Fifty-six statements about potential board or CPO activities constitute the central part of the questionnaire. Many activities are shared by both the board and the CPO. Therefore respondents were asked to indicate on a five-point scale the degree to which board members and CPOs actually performed each activity. Respondents were then asked to indicate on the same type of scale the degree to which each should be responsible for the activity. The statements presented the actions in terms of the board involvement first, and then the CPO.
These answers enabled us to ascertain the degree to which both board members and CPOs agreed on whether both were doing what that they should be doing. We could also determine the issues on which boards and CPOs agreed and disagreed with regard to which party had the primary responsibility. A measure of consensus between a board and its CPO based on the percentage of time they agreed on the specific statements was then developed. The data also were analyzed to test for relationships between the consensus measure and the chapter’s accreditation score or ranking by the national office.
We offer here some summary generalizations that may be useful to executives in local nonprofit organizations, to board members, or to others considering opportunities to become involved. These conclusions blend the findings from both studies. Not all analyses refer to both data sets. Some conclusions are drawn from one study or the other and some from both. The findings are remarkably similar when similar analyses were done on both data sets.
What Might these Findings Suggest?
These findings will not determine whether you should join the board of some nonprofit group. However, they might give you something helpful to think about.
First, don’t expect a lot of formal training on how to be a good board member if you decide to join a nonprofit board. Most respondents felt their boards did not do as well as they should in this area. Research or reading on your own ahead of time may be helpful.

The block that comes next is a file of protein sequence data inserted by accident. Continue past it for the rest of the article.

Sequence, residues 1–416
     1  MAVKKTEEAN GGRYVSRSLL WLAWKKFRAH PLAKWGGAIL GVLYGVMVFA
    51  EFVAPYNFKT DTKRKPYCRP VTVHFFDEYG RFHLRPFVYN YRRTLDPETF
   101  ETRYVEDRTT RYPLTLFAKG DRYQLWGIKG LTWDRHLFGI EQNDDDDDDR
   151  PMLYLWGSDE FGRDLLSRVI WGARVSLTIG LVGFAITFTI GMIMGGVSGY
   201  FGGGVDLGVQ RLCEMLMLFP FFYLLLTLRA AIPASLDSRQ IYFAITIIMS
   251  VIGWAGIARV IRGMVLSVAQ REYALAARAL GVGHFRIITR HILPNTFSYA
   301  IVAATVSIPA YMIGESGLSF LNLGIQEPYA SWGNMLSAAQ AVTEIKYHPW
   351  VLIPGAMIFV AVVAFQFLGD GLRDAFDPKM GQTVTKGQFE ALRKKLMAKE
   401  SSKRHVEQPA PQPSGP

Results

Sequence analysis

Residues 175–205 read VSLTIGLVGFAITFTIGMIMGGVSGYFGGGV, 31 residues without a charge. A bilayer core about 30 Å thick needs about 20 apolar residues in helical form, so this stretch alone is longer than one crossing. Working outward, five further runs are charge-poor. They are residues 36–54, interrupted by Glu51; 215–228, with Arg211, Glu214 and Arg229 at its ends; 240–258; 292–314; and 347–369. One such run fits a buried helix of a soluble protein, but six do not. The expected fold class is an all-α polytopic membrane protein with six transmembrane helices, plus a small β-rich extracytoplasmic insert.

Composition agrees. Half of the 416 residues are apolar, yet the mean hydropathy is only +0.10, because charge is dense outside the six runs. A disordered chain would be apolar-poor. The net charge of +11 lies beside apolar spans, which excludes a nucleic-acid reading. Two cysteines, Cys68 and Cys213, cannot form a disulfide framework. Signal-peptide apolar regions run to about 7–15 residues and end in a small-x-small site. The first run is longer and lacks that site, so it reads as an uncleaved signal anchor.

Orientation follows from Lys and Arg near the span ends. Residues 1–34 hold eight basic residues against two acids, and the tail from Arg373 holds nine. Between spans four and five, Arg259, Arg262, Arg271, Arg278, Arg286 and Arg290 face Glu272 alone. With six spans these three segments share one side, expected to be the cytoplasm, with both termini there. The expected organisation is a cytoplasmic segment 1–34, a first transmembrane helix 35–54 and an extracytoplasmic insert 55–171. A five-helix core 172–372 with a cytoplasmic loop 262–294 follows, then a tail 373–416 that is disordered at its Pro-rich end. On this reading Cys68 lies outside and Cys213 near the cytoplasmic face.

Second, board members generally believe they perform most tasks at the appropriate level. However, they fall short of their own expectations in several important areas, including the recruitment, training, and evaluation of board members, involvement in — and communication with — other constituencies, the review of management information and financial controls, providing direction for long-term financial planning; and evaluation of the organization’s overall performance. This is a fairly substantial list. It is not that respondents thought their boards were doing nothing in these areas. They just felt they should be doing more. The only statements where the respondents indicated the board members should do less than they were currently doing involved relying too much on the CPO to do what they should be doing!
Given the above, there likely will be several areas where the application of good management skills would be helpful if your board is like most. Expectations may be too high in some areas, but clearly a board needs to be able to monitor financial controls and management information. Just realize that you may find yourself with a regular twinge of guilt about how much more there is to do than you are able to accomplish.